I bought a large paper bag full of old books for $1 at a used book fund raiser. I chose the books, and among those I chose was a Literary Guild edition of “Essays of Montaigne” published in 1947. Fast forward a few years and I checked online to see what it was selling for. Depending on condition it was going for $130 to $200. What made the book valuable were the illustrations. They were done by Salvador Dali.
So I own a rare book.
I can not foresee e-Novelists, of which I am one, ever having a rare e-Novel. Of course society, culture, trends, all change in ways unexpected. But still, will there be auctions for rare e-Book manuscripts? Since an e-Novelist can go in and change his book after publication, is there such a thing as a ‘first edition?’
E-Book writers enter the digital world because hardcover book publishing is too to hard to crack. I am convinced good writers can spend their entire lives making queries, writing novels, articles, short stories, toiling long hours, and getting nowhere.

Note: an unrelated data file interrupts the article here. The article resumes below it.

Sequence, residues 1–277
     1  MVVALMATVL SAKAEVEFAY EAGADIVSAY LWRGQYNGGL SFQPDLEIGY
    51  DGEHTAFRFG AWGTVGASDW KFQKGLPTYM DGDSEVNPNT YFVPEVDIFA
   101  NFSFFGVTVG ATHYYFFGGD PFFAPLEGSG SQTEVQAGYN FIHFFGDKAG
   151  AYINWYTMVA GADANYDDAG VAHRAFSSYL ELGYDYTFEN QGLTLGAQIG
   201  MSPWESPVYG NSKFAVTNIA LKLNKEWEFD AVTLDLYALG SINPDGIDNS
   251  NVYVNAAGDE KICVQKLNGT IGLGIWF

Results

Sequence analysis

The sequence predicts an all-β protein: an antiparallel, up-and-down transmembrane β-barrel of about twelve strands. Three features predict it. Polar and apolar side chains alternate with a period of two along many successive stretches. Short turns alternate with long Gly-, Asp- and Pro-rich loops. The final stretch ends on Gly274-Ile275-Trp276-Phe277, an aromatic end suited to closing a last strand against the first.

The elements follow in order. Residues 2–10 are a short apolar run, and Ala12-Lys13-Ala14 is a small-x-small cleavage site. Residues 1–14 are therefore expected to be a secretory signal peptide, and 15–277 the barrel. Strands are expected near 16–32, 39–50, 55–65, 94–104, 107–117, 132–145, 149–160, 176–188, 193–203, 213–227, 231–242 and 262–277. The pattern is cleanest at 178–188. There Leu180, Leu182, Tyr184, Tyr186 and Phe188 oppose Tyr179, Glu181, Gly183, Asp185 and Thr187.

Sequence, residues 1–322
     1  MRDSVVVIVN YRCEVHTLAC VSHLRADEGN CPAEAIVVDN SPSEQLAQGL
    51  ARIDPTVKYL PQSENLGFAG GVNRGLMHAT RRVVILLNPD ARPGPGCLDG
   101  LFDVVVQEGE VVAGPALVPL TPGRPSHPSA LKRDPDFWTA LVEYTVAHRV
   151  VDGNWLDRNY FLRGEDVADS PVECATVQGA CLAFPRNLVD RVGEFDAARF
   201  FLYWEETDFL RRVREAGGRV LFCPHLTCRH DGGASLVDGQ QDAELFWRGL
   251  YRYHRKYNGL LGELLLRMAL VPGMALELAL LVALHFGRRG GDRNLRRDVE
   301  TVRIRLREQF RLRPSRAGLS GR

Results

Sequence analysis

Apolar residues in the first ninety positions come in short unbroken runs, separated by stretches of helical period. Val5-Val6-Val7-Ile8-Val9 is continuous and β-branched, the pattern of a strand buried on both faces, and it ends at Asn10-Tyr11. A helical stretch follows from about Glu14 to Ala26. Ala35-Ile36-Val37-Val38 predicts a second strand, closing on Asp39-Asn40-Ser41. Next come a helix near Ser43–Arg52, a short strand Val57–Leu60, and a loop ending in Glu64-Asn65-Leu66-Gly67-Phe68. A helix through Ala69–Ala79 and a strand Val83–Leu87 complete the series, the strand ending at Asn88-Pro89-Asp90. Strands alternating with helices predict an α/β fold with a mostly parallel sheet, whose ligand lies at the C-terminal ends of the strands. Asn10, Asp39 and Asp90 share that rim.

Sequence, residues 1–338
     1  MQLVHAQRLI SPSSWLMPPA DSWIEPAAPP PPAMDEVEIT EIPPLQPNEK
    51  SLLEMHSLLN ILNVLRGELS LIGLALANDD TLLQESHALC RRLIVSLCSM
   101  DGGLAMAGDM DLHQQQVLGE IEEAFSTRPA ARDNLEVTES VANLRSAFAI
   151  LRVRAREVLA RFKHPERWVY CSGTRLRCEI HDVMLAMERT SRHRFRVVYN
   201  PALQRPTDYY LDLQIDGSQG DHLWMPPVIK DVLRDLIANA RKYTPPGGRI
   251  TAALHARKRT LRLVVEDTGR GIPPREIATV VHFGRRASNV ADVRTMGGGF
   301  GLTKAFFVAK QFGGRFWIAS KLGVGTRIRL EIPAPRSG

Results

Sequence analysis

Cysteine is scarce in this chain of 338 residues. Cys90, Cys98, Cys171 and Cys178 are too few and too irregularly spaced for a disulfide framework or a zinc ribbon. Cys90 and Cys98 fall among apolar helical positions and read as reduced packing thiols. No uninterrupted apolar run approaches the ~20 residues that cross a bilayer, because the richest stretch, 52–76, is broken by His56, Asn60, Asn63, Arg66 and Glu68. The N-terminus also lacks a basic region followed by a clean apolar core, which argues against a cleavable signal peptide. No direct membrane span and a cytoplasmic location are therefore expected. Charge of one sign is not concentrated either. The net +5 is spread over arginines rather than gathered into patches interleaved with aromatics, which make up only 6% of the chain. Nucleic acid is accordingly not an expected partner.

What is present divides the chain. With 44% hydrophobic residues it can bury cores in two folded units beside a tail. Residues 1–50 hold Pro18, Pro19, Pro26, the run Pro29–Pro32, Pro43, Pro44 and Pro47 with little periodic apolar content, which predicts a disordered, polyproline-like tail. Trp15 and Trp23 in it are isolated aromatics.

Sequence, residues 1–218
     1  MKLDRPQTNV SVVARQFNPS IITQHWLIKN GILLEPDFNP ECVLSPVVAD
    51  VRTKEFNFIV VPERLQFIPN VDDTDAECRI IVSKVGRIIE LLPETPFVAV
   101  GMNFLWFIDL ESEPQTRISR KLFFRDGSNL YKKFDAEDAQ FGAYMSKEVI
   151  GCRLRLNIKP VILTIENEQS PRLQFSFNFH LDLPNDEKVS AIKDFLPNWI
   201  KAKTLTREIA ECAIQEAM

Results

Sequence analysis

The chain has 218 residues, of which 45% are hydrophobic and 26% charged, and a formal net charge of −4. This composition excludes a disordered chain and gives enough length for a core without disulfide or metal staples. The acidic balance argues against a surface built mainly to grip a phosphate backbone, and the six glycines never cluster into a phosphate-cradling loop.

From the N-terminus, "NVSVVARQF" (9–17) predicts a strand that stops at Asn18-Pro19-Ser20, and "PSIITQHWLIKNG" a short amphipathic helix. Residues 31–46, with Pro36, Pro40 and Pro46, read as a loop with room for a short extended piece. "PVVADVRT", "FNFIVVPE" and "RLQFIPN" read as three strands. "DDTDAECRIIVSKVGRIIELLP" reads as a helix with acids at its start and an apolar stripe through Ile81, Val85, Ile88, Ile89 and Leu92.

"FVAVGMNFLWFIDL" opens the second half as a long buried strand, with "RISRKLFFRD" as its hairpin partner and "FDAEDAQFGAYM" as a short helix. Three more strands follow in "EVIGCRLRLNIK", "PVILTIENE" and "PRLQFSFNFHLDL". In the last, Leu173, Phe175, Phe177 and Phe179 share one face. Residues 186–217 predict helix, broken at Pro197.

This is not to say all e-novelists are good writers, though many are. But in the digital world we have stories to tell, stories we hope will engage, entertain, and enlighten (the three E’s), and along the way, we hope to make a few dollars; though millions are preferred, hundreds are acceptable. Dare I say good reviews have more worth than sales?
In the end I see digital books as disposal and not rare. Even reviews are disposable. I received a four star review for “Loonies in Hollywood” and eight months later the review disappeared from my Kindle page. How does a four star review disappear?
With one click on my Kindle I can make a book disappear into the e-Book trash bin, the cyber world black hole. If one could enter that nether world, a rare e-Book could possibly be found. But who decides if it is rare? And who would buy it? And why?
You can read the remaining reviews while they still exist on my Amazon page.